Available now on Anti- (April 17, 2012)
Listening to Yann Tiersen’s Skyline
feels a bit like catching up with an old friend. Perhaps you haven’t heard from
this pal in a decade (the Amelie soundtrack), or maybe it’s only been a
couple of years (Dust Lane). Either way, like a childhood companion
you’ve run into on the street, you’ll find Tiersen aged but recognizable. And
though you might have to get reacquainted, chances are you’ll enjoy doing it.
At first, Tiersen allows us to hear the side of him
that we expect. “Another Shore” opens with a toy piano melody seemingly pulled
from the past. That lasts for about three seconds, and then Tiersen begins to layer
on percussion and guitar. Within the first minute, he has constructed a
dynamic, instrumental rock track, cresendos retreating into softer, timid
moments only to build up again.
But Tiersen has done more than find a new formula. On
Skyline, experimentation abounds as he
draws from a range of influences (think Air and The Books swapping
stories with My Bloody Valentine and Do Make Say Think).
“I’m Gonna Live Anyhow,” “Monuments,” and “The Gutter” are filled with layers
of idiosyncratic sounds, alternately quirky and beautiful. That combination is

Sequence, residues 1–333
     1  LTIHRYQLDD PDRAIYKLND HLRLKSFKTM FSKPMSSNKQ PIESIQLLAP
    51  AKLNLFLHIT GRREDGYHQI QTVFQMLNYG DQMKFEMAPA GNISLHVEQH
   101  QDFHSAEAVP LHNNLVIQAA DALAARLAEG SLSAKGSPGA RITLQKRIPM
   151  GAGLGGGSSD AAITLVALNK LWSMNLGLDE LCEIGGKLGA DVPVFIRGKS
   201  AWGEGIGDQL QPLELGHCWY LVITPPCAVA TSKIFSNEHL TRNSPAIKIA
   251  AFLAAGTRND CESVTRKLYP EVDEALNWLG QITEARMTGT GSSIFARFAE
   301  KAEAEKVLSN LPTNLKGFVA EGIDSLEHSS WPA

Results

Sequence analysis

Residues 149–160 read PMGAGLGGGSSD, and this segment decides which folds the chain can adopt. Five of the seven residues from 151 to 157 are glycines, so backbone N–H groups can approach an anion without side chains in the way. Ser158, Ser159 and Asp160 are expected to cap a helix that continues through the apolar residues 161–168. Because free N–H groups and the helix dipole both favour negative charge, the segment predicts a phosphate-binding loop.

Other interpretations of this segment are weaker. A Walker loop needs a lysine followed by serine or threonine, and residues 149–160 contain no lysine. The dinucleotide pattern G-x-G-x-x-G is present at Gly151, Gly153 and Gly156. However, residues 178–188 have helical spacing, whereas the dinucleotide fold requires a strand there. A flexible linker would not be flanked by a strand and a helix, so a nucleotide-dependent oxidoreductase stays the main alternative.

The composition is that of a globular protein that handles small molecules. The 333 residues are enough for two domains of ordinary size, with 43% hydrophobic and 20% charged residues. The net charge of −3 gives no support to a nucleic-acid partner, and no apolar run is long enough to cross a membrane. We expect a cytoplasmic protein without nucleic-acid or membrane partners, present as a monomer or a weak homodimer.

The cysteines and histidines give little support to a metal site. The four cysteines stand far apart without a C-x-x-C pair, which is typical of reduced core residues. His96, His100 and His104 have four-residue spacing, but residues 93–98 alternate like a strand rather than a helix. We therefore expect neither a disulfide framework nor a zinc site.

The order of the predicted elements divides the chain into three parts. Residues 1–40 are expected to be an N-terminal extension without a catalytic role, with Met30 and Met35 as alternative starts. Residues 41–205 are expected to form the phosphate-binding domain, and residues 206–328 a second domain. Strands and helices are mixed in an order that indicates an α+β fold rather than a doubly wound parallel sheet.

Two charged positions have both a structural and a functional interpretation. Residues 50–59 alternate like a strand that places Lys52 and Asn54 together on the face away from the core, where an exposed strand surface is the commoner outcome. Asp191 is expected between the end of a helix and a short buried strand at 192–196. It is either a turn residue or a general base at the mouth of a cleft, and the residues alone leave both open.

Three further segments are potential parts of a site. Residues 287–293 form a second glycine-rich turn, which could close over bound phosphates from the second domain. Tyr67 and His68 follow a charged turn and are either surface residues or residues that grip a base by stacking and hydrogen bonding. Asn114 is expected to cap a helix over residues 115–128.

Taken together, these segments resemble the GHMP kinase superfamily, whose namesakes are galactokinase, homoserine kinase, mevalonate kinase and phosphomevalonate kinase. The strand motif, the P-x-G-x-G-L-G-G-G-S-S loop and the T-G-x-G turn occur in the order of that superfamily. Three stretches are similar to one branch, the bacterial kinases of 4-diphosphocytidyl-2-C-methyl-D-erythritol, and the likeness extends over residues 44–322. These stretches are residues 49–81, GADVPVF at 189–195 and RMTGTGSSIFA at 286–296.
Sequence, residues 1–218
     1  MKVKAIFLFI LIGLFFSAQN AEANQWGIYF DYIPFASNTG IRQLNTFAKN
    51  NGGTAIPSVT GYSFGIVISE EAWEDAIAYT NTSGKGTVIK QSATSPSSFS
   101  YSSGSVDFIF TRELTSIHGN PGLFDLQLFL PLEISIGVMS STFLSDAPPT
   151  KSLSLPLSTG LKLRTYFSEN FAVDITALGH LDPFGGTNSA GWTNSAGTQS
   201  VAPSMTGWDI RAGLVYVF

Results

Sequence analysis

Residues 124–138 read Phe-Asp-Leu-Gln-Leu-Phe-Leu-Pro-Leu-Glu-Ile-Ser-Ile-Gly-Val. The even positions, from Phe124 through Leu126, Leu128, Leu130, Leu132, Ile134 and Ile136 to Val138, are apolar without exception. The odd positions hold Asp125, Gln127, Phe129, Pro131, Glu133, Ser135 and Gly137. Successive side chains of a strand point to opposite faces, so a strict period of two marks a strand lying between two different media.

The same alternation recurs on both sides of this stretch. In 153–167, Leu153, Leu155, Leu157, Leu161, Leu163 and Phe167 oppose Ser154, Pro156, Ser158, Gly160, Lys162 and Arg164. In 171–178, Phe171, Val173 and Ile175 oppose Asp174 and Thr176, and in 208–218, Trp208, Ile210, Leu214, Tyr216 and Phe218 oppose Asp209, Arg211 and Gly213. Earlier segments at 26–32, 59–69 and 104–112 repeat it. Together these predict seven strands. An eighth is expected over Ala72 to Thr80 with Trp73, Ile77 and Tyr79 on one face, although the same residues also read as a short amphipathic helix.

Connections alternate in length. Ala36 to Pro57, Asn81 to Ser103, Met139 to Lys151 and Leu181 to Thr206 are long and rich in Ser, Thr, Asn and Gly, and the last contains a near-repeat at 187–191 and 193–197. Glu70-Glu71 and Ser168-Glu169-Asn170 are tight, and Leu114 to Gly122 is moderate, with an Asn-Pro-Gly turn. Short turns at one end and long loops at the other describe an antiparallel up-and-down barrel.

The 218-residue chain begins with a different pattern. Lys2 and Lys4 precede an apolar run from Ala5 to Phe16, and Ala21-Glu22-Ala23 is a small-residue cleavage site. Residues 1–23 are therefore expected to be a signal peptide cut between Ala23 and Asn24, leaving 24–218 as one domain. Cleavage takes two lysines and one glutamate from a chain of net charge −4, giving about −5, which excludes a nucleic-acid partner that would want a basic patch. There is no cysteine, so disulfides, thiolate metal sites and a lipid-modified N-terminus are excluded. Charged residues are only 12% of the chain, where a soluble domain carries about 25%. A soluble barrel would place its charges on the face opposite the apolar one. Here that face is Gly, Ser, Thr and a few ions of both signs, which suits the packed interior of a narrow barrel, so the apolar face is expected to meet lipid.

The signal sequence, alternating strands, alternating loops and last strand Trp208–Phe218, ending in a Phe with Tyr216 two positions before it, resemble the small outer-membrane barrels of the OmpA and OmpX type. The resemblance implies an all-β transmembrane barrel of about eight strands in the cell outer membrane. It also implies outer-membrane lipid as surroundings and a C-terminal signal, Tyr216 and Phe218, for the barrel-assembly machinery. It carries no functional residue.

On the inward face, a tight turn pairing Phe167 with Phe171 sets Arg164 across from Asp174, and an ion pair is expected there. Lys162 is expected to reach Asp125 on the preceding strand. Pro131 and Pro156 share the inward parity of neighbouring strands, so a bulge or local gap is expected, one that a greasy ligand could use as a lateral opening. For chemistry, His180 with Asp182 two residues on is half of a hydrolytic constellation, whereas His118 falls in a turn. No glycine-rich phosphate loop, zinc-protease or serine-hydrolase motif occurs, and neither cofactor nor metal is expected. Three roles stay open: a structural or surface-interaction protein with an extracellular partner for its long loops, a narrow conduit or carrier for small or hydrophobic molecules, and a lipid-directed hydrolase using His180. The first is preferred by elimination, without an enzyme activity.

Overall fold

well-trod territory for Tiersen, even as his choice of genre continues to
On the whole, Skyline feels expansive and agreeably surreal. The notable
exception is “Exit 25 Block 50,” with screams, hoots, and howls that seem an
apt accompaniment to a small-town haunted house. These sounds eventually morph
into something more tolerable, almost pleasant. Whether the listener will make
it there is uncertain. Still, tracks like “Hesitation Wound,” “The Trial,” and
“Vanishing Point” confirm that Tiersen has found a balance between grit
and transcendence. There is distortion, there is melody, there is aching and
If Dust Lane was Tiersen’s foray into the depths, Skyline is his emergence, changed but triumphant. It is a
transformation that can’t be described as good, bad, or even stunningly
original. But it is authentic.